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Macro synthetic fibres, sometimes known as ‘structural’ synthetic fibres, are made from a blend of polymers and were originally developed to provide an alternative to steel fibres in some applications. Initially they were identified as a potential alternative to steel fibres in sprayed concrete, but increasing research and development showed that they had a role to play in the design and construction of ground-supported slabs and a wide range of other applications. It has been found that macro synthetic fibres may be used with a wide range of concrete strengths.
They have a high tensile strength (say 600 MPa) and a relatively high modulus of elasticity (say 10 GPa). Unlike polypropylene ´micro´ fibres, they can significantly increase the post-cracking capacity of concrete and are starting to be used in place of steel fibres in a range of applications, including ground-supported slabs (both internal and external), sprayed concrete, small precast concrete units and composite floor slabs on steel decking.
They are particularly suitable for providing nominal reinforcement in aggressive environments, such as marine and coastal structures, as they do not suffer the problems of staining and spalling that can result from the corrosion of steel. In addition, because they are non-conducting, they have been used in tram and light railway developments.
The properties of the fibres are covered by BS EN 14889, Fibres for concrete, Part 2, Polymer fibres – Definition, specifications and conformity. One requirement is for the supplier to declare the unit volume of fibres in kg/m3 to achieve a residual flexural strength of 1.5MPa at 0.47mm central deflection and/or a residual flexural strength of 1MPa at 3.0mm central deflection when tested in accordance with the proposed standard beam test. In addition the manufacturer should demonstrate that the fibres are unaffected by the alkalis in cement paste, resistant to moisture and to the substances present in air-entraining and chemical admixtures. They must also be resistant to chlorides when used in marine structures or those subjected to de-icing salts.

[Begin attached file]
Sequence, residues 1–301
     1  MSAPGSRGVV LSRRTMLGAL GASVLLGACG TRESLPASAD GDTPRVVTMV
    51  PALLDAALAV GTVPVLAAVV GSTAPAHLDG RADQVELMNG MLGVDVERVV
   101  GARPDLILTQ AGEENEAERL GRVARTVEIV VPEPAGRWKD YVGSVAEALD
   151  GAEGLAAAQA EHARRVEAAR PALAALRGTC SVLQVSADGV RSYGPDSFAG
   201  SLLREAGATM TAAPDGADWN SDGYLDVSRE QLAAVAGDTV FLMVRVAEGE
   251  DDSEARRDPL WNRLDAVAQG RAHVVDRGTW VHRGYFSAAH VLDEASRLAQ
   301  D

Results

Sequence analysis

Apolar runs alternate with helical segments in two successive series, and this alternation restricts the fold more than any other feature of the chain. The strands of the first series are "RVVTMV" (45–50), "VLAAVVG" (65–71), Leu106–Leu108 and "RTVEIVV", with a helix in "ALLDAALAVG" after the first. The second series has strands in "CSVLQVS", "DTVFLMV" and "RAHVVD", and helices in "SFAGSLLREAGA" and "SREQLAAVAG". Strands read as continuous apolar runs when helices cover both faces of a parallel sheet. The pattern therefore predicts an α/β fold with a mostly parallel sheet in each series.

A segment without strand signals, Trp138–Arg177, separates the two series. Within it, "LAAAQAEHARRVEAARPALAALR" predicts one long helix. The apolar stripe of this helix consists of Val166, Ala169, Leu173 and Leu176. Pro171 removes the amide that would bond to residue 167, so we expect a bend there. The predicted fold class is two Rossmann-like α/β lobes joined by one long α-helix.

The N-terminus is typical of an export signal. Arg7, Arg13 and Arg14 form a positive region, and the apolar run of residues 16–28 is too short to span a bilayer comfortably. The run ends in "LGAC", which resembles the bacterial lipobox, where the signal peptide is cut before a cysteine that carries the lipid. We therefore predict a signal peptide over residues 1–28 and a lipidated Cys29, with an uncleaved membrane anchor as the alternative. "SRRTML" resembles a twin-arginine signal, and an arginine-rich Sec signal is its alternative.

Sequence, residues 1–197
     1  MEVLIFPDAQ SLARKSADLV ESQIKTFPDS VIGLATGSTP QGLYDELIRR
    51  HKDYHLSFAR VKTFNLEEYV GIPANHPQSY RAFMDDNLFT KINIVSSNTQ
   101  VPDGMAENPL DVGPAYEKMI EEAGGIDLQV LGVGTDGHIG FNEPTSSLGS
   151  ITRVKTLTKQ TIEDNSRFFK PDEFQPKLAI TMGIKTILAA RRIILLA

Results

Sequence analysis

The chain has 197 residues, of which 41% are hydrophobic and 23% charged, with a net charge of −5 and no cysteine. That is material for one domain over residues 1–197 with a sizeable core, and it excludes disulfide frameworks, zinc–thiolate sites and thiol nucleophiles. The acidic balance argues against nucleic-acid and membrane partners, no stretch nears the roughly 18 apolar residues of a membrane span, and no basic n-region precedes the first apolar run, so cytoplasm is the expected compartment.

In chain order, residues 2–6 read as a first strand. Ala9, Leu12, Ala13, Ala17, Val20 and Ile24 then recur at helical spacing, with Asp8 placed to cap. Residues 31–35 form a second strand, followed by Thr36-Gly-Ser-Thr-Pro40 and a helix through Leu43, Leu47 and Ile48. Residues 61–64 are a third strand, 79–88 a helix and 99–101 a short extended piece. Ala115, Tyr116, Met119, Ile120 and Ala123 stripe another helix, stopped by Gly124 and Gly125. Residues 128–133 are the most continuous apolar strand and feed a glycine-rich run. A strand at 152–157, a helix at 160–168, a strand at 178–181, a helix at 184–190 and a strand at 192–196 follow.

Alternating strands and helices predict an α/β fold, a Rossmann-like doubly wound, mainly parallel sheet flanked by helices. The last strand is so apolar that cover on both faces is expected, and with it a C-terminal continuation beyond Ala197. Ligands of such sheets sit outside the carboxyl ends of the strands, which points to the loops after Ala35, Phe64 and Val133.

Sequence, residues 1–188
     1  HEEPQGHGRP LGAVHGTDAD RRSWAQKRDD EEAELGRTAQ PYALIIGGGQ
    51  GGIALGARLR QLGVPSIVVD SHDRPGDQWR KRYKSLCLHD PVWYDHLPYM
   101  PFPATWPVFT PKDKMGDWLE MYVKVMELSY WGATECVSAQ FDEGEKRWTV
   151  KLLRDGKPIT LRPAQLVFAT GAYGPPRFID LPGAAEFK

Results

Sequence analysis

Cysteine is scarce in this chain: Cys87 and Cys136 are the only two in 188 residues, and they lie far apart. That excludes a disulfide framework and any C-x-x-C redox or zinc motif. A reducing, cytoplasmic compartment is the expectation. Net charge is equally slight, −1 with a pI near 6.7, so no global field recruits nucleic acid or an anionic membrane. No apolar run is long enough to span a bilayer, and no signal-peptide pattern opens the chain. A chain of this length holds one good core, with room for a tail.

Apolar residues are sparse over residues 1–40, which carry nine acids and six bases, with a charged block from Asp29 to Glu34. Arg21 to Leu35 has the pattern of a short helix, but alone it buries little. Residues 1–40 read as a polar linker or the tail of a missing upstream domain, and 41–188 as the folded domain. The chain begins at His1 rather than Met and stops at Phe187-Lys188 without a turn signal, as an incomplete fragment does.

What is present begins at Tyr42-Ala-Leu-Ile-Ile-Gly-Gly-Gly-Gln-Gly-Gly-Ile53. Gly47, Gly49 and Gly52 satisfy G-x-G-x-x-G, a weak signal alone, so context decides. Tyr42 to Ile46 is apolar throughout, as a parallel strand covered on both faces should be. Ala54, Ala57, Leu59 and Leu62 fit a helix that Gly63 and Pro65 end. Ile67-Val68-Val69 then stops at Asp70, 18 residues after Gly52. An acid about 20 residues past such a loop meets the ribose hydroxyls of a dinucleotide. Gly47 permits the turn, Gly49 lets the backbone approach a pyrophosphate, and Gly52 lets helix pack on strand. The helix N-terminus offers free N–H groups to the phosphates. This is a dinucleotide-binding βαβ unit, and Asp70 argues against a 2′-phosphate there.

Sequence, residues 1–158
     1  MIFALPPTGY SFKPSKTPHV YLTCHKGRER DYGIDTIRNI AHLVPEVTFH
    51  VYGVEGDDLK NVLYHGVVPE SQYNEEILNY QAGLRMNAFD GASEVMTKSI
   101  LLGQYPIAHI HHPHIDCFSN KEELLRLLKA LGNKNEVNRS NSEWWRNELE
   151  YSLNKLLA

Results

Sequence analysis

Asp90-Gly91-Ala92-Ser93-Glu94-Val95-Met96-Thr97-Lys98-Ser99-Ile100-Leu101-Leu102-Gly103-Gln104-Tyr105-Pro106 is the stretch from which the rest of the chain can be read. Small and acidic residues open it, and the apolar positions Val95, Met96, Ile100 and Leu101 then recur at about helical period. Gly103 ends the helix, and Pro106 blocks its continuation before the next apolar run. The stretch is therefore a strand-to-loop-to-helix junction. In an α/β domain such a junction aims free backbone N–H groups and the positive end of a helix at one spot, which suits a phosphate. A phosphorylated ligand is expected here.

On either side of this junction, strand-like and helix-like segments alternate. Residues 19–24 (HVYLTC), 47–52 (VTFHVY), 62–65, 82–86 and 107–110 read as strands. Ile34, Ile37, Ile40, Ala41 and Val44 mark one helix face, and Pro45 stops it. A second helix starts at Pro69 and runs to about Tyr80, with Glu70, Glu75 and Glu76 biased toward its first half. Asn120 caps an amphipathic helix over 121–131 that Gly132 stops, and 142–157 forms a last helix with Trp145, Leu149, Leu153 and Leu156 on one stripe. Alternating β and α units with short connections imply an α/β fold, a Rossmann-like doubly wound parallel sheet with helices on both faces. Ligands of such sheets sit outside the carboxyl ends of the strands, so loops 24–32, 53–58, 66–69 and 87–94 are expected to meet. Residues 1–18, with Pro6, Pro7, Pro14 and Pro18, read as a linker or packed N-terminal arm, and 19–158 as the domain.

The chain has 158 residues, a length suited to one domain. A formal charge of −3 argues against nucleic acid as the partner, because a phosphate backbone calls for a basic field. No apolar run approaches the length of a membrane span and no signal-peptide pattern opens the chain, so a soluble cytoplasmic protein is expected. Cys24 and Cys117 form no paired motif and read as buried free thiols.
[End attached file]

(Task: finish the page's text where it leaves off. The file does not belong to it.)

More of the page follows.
Further information on the use of macro-synthetic fibres may be found in Concrete Society Technical Report 65, Guidance on the use of macro-synthetic-fibre-reinforced concrete.
Acknowledgement: The Concrete Society
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